“The environment is now clearly the top issue facing Australia,” Mr Evans said. “The truth is that the tide of Australians’ concerns about environment issues has been slowly rising for the past couple of years.”
Unsurprisingly, younger Australians are the most worried, with 48 per cent of Millennials and 45 per cent of Gen Z’ers putting the environment on their top three list.
But concern among older people is catching up, with 42 per cent of Baby Boomers also putting it on their list and 30 per cent of “Builders”, aged over 73.
When asked to explain their environmental concerns, participants gave a range of answers, Mr Evans said.
“When we unpacked the reasons why Australians selected the environment, people mostly attributed their worry to climate change, drought and bushfire. Some linked these topics, and others discussed climate change and drought in relation to natural resource management failings related to water and bushland. Comments were also made about waste, consumption, population growth and plastics.”
Participants were asked which political party they felt was best able to address their environmental concerns.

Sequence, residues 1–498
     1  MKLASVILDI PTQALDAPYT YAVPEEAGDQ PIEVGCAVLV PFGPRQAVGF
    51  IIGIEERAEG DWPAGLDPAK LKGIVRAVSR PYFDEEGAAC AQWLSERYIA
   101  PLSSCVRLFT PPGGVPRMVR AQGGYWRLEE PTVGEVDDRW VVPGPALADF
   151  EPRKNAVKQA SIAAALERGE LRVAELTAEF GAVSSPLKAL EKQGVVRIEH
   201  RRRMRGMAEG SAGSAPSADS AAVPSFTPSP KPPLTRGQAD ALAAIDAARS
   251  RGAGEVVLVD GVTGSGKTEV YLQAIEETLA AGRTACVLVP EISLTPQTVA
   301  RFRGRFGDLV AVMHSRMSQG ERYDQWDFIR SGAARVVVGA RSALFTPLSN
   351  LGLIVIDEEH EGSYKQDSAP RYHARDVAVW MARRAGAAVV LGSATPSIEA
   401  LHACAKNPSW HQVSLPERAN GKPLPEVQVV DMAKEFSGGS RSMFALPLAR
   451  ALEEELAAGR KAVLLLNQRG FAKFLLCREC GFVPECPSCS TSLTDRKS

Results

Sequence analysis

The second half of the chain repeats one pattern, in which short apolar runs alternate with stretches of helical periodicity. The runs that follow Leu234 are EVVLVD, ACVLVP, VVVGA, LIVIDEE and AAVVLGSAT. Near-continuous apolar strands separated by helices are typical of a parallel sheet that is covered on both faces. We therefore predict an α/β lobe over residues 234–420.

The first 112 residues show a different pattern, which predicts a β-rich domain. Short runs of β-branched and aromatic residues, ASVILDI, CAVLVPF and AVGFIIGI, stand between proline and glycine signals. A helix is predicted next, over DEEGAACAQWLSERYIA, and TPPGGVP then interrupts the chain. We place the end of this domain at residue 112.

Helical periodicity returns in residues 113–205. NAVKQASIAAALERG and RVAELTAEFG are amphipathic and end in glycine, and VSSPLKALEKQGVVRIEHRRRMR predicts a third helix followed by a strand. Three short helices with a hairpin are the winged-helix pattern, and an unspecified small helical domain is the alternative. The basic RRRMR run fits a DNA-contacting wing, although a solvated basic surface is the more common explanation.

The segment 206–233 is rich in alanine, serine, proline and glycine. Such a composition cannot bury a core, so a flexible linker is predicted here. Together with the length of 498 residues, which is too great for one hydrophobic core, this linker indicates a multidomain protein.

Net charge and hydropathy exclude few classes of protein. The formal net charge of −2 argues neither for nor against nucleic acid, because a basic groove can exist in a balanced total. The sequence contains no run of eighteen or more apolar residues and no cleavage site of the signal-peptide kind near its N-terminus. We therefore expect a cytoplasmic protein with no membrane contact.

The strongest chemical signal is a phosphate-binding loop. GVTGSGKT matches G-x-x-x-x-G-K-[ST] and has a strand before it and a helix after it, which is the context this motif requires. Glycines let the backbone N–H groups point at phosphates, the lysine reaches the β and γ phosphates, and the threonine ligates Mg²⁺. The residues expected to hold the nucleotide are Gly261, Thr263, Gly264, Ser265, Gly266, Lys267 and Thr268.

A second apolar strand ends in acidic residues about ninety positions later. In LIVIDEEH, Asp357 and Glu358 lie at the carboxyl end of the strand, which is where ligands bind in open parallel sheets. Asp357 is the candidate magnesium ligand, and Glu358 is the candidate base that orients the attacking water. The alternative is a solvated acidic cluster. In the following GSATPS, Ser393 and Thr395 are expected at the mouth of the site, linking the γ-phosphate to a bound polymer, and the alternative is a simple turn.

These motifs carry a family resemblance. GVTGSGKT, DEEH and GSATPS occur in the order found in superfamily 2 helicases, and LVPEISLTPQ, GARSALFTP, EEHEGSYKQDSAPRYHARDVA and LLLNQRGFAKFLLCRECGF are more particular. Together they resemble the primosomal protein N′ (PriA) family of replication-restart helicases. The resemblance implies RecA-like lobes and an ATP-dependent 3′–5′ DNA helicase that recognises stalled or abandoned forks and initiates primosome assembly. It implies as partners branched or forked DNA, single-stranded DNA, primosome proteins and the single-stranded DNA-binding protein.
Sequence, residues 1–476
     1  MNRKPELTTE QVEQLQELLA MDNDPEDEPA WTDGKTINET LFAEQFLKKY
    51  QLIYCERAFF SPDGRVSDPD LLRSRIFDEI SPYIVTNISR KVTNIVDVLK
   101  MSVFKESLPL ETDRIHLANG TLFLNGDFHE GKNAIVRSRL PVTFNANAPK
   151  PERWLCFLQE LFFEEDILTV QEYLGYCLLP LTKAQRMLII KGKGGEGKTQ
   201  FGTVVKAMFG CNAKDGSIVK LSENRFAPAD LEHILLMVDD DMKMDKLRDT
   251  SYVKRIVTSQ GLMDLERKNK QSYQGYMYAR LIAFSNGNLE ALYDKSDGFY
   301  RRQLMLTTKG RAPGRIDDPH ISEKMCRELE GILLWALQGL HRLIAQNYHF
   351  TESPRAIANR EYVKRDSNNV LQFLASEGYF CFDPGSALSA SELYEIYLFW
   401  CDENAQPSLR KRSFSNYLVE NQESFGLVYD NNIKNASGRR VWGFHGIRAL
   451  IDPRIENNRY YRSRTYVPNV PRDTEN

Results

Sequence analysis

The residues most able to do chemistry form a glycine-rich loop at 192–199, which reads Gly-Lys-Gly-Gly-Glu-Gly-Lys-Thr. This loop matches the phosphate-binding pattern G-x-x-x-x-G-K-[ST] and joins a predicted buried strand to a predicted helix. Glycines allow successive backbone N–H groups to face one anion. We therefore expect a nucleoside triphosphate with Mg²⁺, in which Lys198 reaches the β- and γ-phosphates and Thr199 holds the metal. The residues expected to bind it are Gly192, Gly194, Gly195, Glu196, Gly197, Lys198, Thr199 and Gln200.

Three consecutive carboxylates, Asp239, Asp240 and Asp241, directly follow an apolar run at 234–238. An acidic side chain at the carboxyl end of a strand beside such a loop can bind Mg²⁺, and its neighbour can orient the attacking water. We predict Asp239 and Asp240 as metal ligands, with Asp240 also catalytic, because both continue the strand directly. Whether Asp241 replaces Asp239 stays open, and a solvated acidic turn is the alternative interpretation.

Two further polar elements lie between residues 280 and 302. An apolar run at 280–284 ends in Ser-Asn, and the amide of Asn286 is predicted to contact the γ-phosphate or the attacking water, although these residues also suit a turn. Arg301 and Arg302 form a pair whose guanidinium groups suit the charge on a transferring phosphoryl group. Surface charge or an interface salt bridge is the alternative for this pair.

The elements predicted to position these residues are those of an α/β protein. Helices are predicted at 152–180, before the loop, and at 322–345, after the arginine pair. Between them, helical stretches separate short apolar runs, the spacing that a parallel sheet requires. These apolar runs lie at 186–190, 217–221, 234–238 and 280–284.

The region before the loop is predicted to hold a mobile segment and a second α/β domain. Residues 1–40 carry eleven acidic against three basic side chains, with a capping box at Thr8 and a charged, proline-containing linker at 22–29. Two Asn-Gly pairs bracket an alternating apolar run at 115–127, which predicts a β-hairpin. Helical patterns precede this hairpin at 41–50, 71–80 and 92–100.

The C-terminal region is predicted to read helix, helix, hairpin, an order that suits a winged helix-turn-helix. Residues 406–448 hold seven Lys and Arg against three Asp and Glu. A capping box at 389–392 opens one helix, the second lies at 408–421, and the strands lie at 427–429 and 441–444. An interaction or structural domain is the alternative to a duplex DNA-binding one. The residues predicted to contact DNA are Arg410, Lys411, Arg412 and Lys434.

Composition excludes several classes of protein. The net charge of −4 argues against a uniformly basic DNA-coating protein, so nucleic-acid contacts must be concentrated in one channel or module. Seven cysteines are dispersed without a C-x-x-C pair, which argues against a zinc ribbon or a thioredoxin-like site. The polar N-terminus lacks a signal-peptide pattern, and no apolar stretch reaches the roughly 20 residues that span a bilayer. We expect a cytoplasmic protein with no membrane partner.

Generation X, Millenials and Gen Z’ers ranked the Greens highest, while Baby Boomer and Builders nominated the Coalition.
No age cohort put Labor first to manage the environment.
“The ALP was mostly absent from Australians’ psyche when we asked them about which political party is most capable to manage environmental concerns,” Mr Evans said.
But confidence in political parties’ ability to solve environmental problems was low across the board, Mr Evans said.
“A relatively high proportion of younger Australians did not know which party was most capable and a relatively high number of older Australians believed that none of them were capable.”
A decade ago, when Ipsos first started surveying Australians about their top concerns, just 20 per cent of Australians put the environment in their top three issues list.
Concern collapsed to about 10 per cent by 2013 when the Gillard government and its “carbon tax” were both axed by the incoming Abbott government. Under Malcolm Turnbull’s prime ministership, concern swelled to around 20 per cent. During the Morrison government’s two-year tenure, concern has doubled.
Jessica Irvine is a senior economics writer with The Sydney Morning Herald.